The other important development was in terms of a change of focus in therapeutic areas and underlying science towards typical biotech specialities: oncology, immunology, rare diseases. And this was triggered partially by the regulatory changes. Biotech drugs are more sophisticated, making use of the human genome, monoclonal antibodies and gene therapies to name a few and therefore generally demand a substantially higher price. They allow pharma companies to move into less crowded, highly impactful therapies and once the patent expires their generic equivalent, the biosimilars, are actually much more complicated to produce than small molecule, chemical-based generics. This means that the price protection can last for longer.8 Even though price gouging in the form of unreasonable annual price increases has mostly ceased, there exists the new risk of an unreasonably high initial drug price at launch. For that reason, WHEB has developed its own drug pricing checklist which we evaluate before a potential investment.
While most of “Big pharma” had been a no-go area for WHEB’s strategy in the past, we have recognised the substantial improvement in the drug pipeline to much more impactful therapies, many from large molecules. In order to evaluate the company’s approach to pricing we developed a drug pricing checklist which we run by the company to establish their pricing transparency and internal processes, people in charge, patient assistance schemes, affordability assessments by independent parties, annual price increases etc. Quite often, the willingness of the company to engage with us on these points is quite telling in itself.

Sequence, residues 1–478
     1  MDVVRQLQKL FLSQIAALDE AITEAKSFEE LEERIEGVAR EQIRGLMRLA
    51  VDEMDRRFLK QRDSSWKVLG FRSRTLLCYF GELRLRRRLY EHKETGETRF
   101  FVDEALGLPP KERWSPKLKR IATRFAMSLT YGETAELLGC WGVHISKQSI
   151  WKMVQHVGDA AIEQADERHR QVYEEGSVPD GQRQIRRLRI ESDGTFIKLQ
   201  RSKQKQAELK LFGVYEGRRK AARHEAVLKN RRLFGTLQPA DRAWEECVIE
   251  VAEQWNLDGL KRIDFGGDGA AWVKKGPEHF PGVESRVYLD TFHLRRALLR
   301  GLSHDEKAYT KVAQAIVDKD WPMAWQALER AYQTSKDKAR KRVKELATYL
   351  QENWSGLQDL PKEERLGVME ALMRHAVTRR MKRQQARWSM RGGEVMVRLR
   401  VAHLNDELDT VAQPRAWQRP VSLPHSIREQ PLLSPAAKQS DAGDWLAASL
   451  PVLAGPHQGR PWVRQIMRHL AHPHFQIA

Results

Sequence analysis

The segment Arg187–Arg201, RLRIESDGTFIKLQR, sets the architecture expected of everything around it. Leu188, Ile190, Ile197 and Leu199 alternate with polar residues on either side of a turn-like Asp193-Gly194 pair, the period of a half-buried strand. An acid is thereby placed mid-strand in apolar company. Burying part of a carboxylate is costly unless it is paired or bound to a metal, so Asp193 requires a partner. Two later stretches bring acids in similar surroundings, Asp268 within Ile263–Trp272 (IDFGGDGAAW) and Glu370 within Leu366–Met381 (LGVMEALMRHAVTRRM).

In addition, we extensively use our access to expert networks to further our understanding on the efficacy and prospects of therapies and the market approach of their owners. We now have the following holdings in our strategies which all achieve strong scores (mostly >30% which is rare) from our impact engine9:
- Astra Zeneca: A leader in oncology, respiratory, inflammation and autoimmunity, cardiovascular and metabolic disease, and infection and neuroscience with a rich pipeline for new indications.
- CSL: A leader in plasma-based therapies often addressing rare diseases in immunology, haematology or respiratory.
- Genmab: A leading-edge primarily oncology antibody development powerhouse partnering up with big pharma for commercialisation with key successes in multiple myeloma (blood cancer) treatment, DLBCL (cancer of the lymphatic system), thyroid eye disease, and others.
- Novo Nordisk (in European Strategy): Market leader in diabetes and obesity treatment with a new ground-breaking type of GLP-1 (a gut hormone) variation
Our search for strongly impactful big pharma is certainly not over but we also remain vigilant of pharma companies and their approach to pricing and access.
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5 Robin Feldman, “May your drug price be evergreen,” Journal of Law and the Biosciences 5 (3) (2018): 590–647, available at https://academic.oup.com/jlb/article/5/3/590/5232981